A rare find in Arizona of an important, new species of Triceratops-like dinosaur has been named after the late Tucson “citizen scientist” Stan Krzyzanowski.
The new species, Crittendenceratops krzyzanowskii, is named in a New Mexico Museum of Natural Science and History Bulletin from October 2018, as announced by scientists on Friday.
By trade an interior plantscape designer, Krzyzanowski found part of the creature’s skull in the year 2000 while fossil hunting in Adobe Canyon in the Santa Rita mountains. The amateur paleontologist was volunteering his time as part of a dig for ceratops-related bones conducted by the New Mexico museum and teams with the Arizona Sonora Desert Museum. Bits of bone found in the 1990s by these teams (without Krzyzanowski) were later determined to comprise a second individual of the species, according to the scientific paper.
A horned, cow-like plant-eater, Crittendenceratops lived 73 millions years ago in the land now known as southern Arizona. Back then, North America didn’t exist. It was Laramidia, an ancient continent of jungles and lakes where the mammalian ancestors of humans scurried between the legs of dinosaurs.
Don’t be put off by the new species’ cumbersome name — the key part is ceratops, a suffix every grade-schooler knows because of the awesome triceratops, also of the Cretaceous era, that was the size of an elephant and had horns built for goring T-rexes. Triceratops and the smaller Crittendenceratops are part of the Ceratopsidae family, which contains a several dozen species. The “Crittenden” comes from the Fort Crittenden geologic strata in which the fossils were found.
Spencer Lucas, a curator at the New Mexico Museum of Natural History and Science and one of the paper’s four authors, said that scientists ultimately determined that this was a significant find — a species that adds to the growing body of knowledge about the variety of ceratops-like creatures and their range. Plus, it’s one of the rare few new species of dinosaur that’s been found and named in Arizona, he said.
“This is a substantial addition,” said Lucas, who had just returned from field work in New Mexico on Friday evening when Phoenix New Times reached him. “I can’t even think of six dinosaurs that have been named from Arizona.”
The most famous of those, so far, is likely Sonorasaurus, which Governor Doug Ducey and the State Legislature deemed the official state dinosaur this year.
This is the second time the longtime Tucson resident, who died in 2015 at age 77, has been honored with the name of a dinosaur, although the first, Krzyzankowskisaurus, is consider a “probable” dinosaur and is known only by its teeth. An online obituary calls Krzyzanowski a “true Renaissance Man” who was “also a longtime patron of the arts, serving on the Pima Arts Council, as President of Ballet Tucson and co-owner of a downtown art gallery.” Though he had no formal training, he co-authored several scientific papers with Lucas.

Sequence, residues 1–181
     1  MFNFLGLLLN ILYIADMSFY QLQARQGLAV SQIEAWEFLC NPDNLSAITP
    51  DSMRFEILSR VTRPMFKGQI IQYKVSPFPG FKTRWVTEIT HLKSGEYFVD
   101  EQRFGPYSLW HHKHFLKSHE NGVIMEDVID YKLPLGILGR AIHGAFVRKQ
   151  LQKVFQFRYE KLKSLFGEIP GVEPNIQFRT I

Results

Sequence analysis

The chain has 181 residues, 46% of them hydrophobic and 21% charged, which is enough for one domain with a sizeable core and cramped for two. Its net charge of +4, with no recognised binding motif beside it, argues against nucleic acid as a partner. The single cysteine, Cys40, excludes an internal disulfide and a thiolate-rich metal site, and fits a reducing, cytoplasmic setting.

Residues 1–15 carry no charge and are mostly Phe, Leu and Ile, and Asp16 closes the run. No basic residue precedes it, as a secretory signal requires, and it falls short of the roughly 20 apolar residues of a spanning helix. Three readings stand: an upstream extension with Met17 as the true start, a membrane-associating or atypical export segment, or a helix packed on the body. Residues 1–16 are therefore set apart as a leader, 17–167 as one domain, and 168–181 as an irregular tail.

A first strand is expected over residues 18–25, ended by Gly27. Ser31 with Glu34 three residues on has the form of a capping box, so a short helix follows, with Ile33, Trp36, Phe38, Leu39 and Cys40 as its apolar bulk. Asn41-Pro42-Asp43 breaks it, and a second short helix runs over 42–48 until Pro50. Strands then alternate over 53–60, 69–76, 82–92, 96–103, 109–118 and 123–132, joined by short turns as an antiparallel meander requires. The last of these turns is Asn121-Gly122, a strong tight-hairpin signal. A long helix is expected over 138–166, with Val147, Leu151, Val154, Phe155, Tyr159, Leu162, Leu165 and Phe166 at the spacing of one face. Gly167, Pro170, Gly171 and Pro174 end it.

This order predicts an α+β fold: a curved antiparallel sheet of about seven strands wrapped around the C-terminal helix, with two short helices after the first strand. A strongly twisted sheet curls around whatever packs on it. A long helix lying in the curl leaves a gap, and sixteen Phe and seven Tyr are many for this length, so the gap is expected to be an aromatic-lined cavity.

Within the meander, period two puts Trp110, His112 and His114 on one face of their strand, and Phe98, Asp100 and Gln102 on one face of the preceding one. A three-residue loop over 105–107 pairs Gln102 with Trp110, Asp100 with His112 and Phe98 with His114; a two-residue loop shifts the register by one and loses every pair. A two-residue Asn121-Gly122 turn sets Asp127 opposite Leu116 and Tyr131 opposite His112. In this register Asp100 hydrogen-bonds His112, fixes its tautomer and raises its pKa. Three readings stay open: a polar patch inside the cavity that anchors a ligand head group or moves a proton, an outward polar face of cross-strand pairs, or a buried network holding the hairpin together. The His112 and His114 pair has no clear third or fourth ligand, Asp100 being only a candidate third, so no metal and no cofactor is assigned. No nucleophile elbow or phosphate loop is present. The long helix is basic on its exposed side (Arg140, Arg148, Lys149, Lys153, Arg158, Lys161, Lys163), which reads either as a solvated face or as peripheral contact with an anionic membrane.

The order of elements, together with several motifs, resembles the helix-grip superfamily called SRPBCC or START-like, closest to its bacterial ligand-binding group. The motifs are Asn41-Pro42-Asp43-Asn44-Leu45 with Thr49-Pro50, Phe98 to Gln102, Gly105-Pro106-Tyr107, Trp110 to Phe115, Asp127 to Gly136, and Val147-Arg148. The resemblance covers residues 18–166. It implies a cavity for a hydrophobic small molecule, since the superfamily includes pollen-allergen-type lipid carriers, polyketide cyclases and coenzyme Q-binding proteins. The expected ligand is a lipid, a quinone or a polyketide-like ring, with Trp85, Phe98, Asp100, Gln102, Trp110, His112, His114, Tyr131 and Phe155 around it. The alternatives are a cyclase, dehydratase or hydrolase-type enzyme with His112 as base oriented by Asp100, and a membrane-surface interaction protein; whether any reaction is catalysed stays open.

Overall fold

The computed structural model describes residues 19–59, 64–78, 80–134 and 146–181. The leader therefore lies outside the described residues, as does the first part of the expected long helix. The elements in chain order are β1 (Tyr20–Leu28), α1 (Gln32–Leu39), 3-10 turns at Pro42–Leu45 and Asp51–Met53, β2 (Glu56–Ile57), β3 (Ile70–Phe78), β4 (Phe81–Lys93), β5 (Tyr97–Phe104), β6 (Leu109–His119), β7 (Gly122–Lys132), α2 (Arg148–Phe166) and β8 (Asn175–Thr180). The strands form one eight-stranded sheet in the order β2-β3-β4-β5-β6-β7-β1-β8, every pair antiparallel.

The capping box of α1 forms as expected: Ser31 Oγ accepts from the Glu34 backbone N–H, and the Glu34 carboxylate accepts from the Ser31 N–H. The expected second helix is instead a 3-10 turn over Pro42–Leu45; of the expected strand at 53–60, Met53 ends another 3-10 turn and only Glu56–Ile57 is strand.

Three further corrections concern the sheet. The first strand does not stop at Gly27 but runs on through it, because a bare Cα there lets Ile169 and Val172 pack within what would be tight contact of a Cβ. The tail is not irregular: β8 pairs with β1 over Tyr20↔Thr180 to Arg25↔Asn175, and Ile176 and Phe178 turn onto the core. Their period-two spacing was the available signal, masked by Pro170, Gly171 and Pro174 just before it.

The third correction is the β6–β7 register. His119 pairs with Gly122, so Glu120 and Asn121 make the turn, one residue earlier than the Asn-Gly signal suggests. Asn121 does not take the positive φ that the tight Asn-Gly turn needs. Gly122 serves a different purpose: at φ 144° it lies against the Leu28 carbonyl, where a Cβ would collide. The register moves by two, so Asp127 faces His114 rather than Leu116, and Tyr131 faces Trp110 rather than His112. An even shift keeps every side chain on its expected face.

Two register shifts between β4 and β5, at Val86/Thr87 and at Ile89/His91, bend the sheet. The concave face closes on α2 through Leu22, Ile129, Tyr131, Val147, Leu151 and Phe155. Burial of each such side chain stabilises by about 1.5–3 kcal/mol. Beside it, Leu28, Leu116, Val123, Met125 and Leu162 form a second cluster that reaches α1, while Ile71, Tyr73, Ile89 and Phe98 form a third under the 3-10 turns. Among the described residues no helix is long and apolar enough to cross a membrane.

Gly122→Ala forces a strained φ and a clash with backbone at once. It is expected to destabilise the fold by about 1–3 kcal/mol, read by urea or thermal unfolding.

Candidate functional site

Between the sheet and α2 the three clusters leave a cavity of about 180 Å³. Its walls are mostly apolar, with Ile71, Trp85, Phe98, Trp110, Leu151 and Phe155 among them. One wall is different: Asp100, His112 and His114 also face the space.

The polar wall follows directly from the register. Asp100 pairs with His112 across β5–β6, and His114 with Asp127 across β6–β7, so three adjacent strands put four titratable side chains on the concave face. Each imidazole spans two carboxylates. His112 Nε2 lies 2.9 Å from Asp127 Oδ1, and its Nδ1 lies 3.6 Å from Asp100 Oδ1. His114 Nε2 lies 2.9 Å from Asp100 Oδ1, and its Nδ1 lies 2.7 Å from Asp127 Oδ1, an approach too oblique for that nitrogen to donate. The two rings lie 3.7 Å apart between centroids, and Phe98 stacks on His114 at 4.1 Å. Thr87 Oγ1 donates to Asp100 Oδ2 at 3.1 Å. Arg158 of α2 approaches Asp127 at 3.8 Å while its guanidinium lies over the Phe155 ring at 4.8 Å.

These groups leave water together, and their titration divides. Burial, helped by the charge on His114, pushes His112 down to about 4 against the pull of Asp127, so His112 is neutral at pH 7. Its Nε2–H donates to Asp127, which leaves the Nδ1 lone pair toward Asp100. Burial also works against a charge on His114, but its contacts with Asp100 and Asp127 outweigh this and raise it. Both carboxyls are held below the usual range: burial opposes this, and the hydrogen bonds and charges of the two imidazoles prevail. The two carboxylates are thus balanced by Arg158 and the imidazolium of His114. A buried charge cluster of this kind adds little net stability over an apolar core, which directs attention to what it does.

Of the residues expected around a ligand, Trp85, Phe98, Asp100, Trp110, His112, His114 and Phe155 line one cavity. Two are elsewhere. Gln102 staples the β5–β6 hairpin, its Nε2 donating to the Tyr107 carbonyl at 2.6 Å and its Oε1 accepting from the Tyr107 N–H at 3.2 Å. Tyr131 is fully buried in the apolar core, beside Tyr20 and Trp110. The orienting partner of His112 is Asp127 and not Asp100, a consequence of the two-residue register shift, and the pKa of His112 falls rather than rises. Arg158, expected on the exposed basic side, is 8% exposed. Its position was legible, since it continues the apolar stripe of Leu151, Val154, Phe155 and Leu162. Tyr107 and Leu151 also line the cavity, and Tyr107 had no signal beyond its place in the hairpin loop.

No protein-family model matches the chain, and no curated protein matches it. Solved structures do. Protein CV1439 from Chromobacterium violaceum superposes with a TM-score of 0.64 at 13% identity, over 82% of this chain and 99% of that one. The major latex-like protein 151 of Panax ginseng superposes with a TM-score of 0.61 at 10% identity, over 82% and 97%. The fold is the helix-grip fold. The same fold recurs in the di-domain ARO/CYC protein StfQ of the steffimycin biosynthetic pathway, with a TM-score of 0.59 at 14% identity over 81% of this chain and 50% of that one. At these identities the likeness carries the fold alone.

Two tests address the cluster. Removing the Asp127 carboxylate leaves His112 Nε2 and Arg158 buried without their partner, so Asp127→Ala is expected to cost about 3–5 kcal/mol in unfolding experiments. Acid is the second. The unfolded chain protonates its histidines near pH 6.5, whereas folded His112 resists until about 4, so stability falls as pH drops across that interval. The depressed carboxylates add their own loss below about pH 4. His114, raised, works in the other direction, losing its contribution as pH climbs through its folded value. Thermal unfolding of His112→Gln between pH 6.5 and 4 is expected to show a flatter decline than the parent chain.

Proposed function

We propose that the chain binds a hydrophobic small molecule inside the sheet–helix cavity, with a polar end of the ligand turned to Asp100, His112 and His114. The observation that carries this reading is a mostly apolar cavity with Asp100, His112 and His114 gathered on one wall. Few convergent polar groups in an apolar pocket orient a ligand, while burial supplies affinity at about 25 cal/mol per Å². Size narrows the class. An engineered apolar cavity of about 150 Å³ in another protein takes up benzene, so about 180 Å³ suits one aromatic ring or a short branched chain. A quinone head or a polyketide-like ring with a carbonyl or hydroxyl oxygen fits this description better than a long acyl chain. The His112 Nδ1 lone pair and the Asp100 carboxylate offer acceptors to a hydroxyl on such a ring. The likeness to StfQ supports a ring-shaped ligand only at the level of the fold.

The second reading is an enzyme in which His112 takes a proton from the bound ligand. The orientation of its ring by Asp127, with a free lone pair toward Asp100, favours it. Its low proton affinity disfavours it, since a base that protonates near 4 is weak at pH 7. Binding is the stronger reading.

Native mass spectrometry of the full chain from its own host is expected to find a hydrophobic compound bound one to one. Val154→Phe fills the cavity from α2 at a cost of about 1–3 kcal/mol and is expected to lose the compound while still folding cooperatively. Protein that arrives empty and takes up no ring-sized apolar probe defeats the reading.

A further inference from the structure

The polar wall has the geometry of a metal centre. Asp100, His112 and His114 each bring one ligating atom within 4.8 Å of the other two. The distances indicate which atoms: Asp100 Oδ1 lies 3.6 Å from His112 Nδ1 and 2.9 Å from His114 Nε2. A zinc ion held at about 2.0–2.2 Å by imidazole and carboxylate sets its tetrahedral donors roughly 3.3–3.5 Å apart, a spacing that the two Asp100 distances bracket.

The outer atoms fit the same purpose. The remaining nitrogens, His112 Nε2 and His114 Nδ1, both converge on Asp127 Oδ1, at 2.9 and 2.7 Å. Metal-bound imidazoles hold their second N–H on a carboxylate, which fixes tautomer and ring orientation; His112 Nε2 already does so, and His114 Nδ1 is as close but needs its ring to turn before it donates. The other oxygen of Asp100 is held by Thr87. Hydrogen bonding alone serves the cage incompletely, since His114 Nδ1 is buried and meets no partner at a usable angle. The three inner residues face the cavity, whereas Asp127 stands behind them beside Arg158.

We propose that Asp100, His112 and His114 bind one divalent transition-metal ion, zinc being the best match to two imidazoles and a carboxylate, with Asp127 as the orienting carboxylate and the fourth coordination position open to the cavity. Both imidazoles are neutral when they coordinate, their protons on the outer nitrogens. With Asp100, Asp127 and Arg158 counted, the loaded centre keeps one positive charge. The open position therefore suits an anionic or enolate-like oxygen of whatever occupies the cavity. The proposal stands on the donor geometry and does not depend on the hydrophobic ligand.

“I knew Stan well,” Lucas said. “He was self-taught. He was a remarkable guy … The only sad thing was he didn’t see this.”
Krzyzanowski was “gifted” at finding fossils, and his intense interest in Arizona’s fossil record drove him to work hard in the state’s rugged canyons and mountains. And this was mostly while he was in 60s, Lucas explained. The interior designer didn’t start exploring his passion in paleontology fully until he was in his 50s.
“Amateur” scientist is almost an insulting term for people who discover comets or new dinosaur species, Lucas said. “He left a pretty big legacy … Scientists like myself really benefited from his actions.”
Because of Crittendenceratops, scientists now know that this kind of horned dinosaur ranged as far southwest as Arizona and lasted well into the late Cretaceous.
From the skull fossils, it appears the animal was about 10 or 11 feet long and weighed under a ton. Like its more massive cousin Triceratops, it had an outsized head with a plate-like frill, but Crittendenceratops was sort of small for a dinosaur.
This was a “lush, tropical kind of jungle” with huge lakes and inland seas.
“It was very wet. California, as dry land, didn’t exist. The coastline was somewhere in western Arizona. It was low elevation and a lot closer to the equator,” Lucas said. “It was a greenhouse world.”
As far as eating habits, the horned dino “probably ate anything it could get into its mouth,” he said, noting that similar-sized herbivores today are “eating almost continuously.”
The discovery of a new Arizona dinosaur species, not to mention how it was discovered by Krzyzanowski, shows “we’ve got a lot more field work ahead of us” in the state, he said.
“There are a lot more dinosaurs out there in Arizona to be discovered,” Lucas said. “Young people need to know — you can probably go out and find a new dinosaur in Arizona.”